NetCompetition Statement & Comments on FCC’s Anticompetitive AllVid NPRM

FCC’s AllVid NPRM Is Anticompetitive, Anticompetitive, Anticompetitive

 

WASHINGTON D.C. – The following quotes are based on NetCompetition’s submitted comments on the FCC’s AllVid NPRM and may be attributed to Scott Cleland, Chairman of NetCompetition:

“Think for a moment. Would anyone think it “pro-competitive” if a government agency mandated an “Unlock the Big Box Stores” ruling so that WalMart, Target, or Best Buy could no longer install effective doors, locks, security guards or anti-theft devices on their store perimeters to protect the value of their inventory, all so that Google, Amazon, or eBay could take it for free and then profit from selling it online?”

“The companies that comprise the ~$200b pay TV industry are the video programming functional equivalent of Big Box stores, and the FCC’s AllVid NPRM is the functional equivalent of a looters pardon.”

“Consider how the FCC’s “Unlock the Box” looters’ mantra is profoundly anticompetitive and destructive.

FCC Unequal ISP Privacy Policy Is Unequal Protection & Unequal Opportunity

The FCC’s just-passed, 3-2 unequal ISP privacy policy spotlights how badly the FCC has lost its way.

In prioritizing the equality rights of inanimate digital bits above the equal protection and equal opportunity rights the American people enjoy under our constitutional republic, the FCC is discriminating in favor of open cronyism over equal consumer protection and equal competitive opportunity.

Moody’s Investors Service has done everyone a service in exposing the FCC’s Title II reclassification and privacy policy for what it really is – arbitrary unequal treatment under the law.

When the FCC proposed these ISP privacy rules three weeks ago, Moody’s called the FCC’s proposal as it saw it in a Sector Comment March 14 entitled: “FCC’s broadband privacy proposal credit negative for linear TV and wireless providers – Over half a trillion in rated debt affected.” 

FCC’s Apparent Arbitrary AllVid Proposal

Contradiction contradiction contradiction,” rather than “competition competition competition,” would be a more accurate description of what the FCC’s apparent arbitrary AllVid set-top-box proposal produces.

Contradiction #1: FCC rules cable competitive in 2015, but not in 2016.

In June 2015, the FCC ruledthat cable operators are subject to… "Competing Provider Effective Competition”” exempting cable from regulations, but in the spring of 2016, the FCC tentatively concludes that the ancillary cable set-top-box market is not competitive warranting maximal regulation.

The FCC’s New Subtractive Privacy Policy

Less is not more. That’s real “common sense.”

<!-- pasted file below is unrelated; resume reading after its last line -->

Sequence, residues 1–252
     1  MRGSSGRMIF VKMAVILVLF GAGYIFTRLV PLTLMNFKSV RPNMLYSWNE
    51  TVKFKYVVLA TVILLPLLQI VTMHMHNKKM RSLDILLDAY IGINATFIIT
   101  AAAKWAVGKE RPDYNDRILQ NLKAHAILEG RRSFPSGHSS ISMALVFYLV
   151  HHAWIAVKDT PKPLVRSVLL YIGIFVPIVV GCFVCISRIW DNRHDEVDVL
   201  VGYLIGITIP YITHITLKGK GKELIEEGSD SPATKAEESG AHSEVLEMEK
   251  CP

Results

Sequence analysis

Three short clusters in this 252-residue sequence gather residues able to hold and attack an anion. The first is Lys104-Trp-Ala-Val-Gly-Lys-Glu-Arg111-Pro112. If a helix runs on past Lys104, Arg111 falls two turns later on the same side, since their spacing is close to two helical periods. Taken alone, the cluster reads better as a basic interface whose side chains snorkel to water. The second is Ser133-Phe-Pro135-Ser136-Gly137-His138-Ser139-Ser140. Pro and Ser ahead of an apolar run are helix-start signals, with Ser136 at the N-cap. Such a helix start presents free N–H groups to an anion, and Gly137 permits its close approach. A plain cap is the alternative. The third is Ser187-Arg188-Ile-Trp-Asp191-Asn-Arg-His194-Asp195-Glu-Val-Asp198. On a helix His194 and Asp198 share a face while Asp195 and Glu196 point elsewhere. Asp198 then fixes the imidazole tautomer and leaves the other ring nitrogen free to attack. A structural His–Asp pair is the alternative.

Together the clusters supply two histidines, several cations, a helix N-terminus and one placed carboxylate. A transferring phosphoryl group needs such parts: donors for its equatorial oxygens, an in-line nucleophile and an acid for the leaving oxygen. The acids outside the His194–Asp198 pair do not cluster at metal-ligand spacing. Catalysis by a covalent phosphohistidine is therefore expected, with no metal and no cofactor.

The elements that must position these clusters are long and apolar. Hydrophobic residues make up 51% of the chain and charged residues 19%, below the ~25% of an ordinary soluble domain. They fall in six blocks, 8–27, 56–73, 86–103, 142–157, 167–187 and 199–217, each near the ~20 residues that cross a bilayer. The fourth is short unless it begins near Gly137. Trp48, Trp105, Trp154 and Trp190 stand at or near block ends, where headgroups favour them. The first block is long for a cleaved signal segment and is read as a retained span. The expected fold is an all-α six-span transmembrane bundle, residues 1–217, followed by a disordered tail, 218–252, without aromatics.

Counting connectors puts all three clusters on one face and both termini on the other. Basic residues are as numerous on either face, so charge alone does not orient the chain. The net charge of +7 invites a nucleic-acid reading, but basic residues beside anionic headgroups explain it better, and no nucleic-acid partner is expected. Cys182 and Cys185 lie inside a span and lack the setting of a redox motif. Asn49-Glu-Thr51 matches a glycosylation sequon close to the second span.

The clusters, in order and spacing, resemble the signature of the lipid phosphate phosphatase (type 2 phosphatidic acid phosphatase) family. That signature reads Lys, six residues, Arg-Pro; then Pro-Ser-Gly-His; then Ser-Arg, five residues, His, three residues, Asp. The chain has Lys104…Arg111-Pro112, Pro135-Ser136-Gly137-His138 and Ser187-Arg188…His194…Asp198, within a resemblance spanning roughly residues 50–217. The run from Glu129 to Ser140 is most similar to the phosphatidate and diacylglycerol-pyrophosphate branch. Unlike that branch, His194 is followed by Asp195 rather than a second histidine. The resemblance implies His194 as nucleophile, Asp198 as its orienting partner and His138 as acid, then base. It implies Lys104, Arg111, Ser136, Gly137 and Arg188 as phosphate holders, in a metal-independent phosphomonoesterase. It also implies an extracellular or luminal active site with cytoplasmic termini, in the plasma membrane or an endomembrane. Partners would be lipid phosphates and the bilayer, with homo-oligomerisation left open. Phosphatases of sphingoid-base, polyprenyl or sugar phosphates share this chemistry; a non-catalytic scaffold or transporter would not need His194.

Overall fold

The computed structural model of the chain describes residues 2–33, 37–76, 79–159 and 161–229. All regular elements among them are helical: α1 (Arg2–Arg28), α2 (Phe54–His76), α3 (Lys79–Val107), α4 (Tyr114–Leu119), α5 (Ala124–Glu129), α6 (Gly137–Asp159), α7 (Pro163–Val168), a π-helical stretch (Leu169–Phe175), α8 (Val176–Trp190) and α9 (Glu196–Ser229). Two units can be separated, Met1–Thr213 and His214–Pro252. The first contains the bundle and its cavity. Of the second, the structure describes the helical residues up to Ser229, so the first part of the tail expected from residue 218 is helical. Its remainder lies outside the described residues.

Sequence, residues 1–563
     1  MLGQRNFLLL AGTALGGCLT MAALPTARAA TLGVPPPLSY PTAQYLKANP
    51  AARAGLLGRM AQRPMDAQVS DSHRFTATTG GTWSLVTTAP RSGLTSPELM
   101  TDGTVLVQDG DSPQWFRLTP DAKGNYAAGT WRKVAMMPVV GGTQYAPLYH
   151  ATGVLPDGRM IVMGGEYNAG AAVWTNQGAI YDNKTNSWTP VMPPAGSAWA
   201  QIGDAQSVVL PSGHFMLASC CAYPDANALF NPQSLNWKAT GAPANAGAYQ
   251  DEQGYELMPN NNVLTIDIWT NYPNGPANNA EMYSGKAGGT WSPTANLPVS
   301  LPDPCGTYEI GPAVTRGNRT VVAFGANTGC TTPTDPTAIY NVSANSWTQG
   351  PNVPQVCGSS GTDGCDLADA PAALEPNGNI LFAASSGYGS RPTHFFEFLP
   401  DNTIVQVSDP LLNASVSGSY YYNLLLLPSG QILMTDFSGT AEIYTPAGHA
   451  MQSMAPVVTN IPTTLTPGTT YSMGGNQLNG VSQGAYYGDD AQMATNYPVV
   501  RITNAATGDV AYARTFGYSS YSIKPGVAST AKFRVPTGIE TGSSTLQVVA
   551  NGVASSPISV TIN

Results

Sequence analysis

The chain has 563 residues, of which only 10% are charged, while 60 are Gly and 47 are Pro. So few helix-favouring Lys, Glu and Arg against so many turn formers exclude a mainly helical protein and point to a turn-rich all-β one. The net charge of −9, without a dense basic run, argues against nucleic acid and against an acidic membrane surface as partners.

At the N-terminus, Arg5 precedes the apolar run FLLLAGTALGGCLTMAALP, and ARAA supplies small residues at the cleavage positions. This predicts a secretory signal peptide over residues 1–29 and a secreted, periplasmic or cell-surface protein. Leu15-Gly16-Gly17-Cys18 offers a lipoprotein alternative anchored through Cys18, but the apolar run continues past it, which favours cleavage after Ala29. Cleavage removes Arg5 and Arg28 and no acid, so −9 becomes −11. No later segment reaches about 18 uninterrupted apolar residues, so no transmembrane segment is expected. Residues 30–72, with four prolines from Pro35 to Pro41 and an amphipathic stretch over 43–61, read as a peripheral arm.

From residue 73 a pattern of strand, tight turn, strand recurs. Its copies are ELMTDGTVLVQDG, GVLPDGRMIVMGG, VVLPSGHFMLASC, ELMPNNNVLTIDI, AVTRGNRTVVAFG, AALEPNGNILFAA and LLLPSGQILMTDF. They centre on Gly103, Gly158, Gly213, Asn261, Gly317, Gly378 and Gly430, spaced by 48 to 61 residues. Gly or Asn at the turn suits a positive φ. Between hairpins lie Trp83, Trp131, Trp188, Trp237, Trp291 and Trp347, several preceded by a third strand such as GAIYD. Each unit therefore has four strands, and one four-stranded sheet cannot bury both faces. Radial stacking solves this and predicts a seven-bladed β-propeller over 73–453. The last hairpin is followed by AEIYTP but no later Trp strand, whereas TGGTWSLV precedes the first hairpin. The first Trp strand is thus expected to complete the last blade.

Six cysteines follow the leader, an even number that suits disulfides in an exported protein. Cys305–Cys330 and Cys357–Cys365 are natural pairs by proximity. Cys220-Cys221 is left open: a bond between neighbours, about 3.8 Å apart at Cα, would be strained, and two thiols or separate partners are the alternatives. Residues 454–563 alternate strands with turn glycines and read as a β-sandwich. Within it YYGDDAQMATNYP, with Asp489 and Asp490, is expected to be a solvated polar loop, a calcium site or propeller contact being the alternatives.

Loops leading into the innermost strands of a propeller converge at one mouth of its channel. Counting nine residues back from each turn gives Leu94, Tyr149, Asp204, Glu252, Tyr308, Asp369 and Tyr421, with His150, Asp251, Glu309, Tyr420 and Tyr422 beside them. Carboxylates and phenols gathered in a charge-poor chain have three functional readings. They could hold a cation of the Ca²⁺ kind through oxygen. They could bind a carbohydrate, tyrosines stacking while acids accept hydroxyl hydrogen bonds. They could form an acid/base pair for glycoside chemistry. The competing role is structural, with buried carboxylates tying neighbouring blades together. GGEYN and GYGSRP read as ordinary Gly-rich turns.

When one’s actions demonstrably create a worse rather than better outcome net-net, like the FCC’s new Title II ISP privacy policy does, others would justifiably consider it a mistake.

While the FCC obviously complied with President Obama’s call for regulating broadband as a Title II utility, the FCC obviously ignored President Obama’s 2011 call  for a 21st century regulatory system, where he said we are “making it our mission to root out regulations that conflict, that are not worth the cost, or are just plain dumb.”

Let’s consider how the FCC’s new privacy policy fails this President Obama stated standard for “modern” regulation.

When the FCC reclassified broadband to be a Title II telephone utility last year in its Open Internet Order, the FCC trumpeted one of the great net benefits would be increased consumer privacy protection.

FCC’s Arbitrary Competition Policy -- Edge Platforms Can’t Be Gatekeepers?

Looking backwards makes it hard to see what’s right in front of you.

Looking backwards at 1934-era Title II telephone utility law, the FCC concluded in its 2015 Open Internet Order that only broadband providers could be “gatekeepers” warranting net neutrality regulation to “protect and promote the “virtuous cycle” that drives innovation and investment on the Internet.

That’s because the FCC is apparently oblivious to the very different 21st century communications “gatekeepers” right in front of them that command dramatically more potential “gatekeeper” market power than any broadband provider.

The FCC should listen to what one 21st century communications provider, which commands well over a billion social and communications users globally, has to say about the dominance of edge platforms.

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Q&A One Pager Debunking Net Neutrality Myths